2 Tips for Steadying the Wild Mind
Last week we discussed the importance of grounding your work in the body and creating a stable physical foundation for the audition room.
This week we’ll discuss some strategies for grounding the wild mind!
I have found as a teacher that this work is essential. A grounded body and steady mind are your foundation. It doesn’t matter how amazing your technique is or how great an actor you are, if your foundation isn’t strong, it won’t sustain your work and it all will come tumbling down.
So, to begin with, the mind is not your enemy. It has jobs to do and it wants to do them. The issue is that some of its jobs aren’t very beneficial to the creative process. That’s OK. The wonderful thing about the mind is that it’s pliable—you can train it to behave in ways that support you as an artist.
One of the primary functions of the mind is to protect you and to keep you safe. Good. You’re still alive, so thank the mind for that. One of the ways it protects you is with the fight, flight, or freeze mechanisms located in the reptilian chamber—the oldest part of the brain. Auditioning, because you are in a new environment and in front of strangers, seems dangerous to the reptilian brain and the flight mechanism kicks in big time.
In order to be free to let go and share the amazing work that is stored in your body and heart, the mind needs to know that it can release control. Here are a couple of ways to help you do that:
Breath/Mantra The first thing you need to do is steady the mind. A good way to begin is with the breath. The mind is tremendously receptive to the messages that it receives from the breath. Breathe shallow and the mind will sense danger; breathe deeply and the mind begins to release its grip. Breathing in a way that is specific to your needs will send the message even faster: Breaths emanating from the stomach help with feeling large and expansive; chest breaths help you relax; focusing the breath on the solar plexus opens the heat; and concentrating on how the breath feels traveling in and out of the nostrils increases focus. I went into greater detail about these breath types in this article.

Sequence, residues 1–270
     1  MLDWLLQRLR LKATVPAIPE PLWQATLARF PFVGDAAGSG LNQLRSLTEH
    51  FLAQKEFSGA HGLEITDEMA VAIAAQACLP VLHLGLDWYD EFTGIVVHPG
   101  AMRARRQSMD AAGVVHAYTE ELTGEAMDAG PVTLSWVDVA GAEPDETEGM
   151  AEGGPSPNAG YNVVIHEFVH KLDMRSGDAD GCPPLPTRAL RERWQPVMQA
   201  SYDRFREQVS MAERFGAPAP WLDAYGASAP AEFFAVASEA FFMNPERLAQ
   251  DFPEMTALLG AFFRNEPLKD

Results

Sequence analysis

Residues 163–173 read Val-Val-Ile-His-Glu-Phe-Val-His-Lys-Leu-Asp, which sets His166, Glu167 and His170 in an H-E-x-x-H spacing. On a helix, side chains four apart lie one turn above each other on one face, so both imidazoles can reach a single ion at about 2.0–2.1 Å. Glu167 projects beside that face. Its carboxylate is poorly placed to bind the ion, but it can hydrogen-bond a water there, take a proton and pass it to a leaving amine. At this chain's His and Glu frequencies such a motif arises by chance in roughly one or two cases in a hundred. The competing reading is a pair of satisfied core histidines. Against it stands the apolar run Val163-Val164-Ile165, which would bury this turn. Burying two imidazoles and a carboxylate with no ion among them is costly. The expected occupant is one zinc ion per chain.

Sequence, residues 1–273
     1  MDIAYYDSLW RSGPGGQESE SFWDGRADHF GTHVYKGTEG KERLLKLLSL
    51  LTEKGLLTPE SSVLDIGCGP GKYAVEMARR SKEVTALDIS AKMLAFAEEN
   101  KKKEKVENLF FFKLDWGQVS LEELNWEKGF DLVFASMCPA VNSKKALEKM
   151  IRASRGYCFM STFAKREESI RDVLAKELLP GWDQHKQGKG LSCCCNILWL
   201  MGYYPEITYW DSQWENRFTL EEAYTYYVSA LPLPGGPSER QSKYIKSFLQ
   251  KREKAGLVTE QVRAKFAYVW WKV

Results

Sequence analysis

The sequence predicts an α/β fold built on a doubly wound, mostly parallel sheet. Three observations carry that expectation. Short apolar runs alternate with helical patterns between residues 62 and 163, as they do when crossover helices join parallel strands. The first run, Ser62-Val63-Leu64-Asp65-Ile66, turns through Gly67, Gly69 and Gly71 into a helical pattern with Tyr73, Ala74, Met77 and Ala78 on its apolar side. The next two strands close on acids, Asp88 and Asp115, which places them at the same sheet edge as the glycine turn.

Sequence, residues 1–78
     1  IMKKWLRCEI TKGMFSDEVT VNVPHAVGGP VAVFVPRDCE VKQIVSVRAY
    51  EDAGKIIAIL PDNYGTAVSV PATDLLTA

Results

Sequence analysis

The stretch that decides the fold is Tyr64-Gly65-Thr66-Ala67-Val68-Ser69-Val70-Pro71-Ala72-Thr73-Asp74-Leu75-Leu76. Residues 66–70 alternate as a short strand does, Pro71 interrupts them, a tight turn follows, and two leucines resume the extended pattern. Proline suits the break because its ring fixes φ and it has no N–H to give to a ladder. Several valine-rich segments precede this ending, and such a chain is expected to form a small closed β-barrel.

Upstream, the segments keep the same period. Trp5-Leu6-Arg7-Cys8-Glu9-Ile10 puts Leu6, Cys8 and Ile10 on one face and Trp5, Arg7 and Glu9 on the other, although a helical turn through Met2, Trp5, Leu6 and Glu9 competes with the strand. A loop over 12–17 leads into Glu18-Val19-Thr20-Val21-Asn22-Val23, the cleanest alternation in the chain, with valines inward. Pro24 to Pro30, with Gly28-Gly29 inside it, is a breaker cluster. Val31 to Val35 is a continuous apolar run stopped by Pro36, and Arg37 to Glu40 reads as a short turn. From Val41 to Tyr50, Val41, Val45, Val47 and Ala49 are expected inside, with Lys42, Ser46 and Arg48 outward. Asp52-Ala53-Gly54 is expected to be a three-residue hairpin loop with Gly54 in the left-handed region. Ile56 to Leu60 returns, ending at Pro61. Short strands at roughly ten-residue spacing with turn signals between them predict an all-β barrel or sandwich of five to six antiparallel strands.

You can increase the power of your message to the brain by attaching a mantra to the breath. I think it’s a great idea for all actors to have a creative mantra—one word that describes you as an artist and what you aspire to become. Take your time finding it and if you want have a couple, go ahead. You never know how you may feel and what your needs will be.
Inhale deeply from your chosen body area, gathering the mantra into your mind/body. At the top of the inhale, say your mantra and then exhale it out into the world.
The action of breathing your mantra into your body will steady the frantic and overly vigilant mind, letting it know that all is well, you are safe in your creative space, and it can take a break from guard duty so you can be free to feel, to create, and to fly.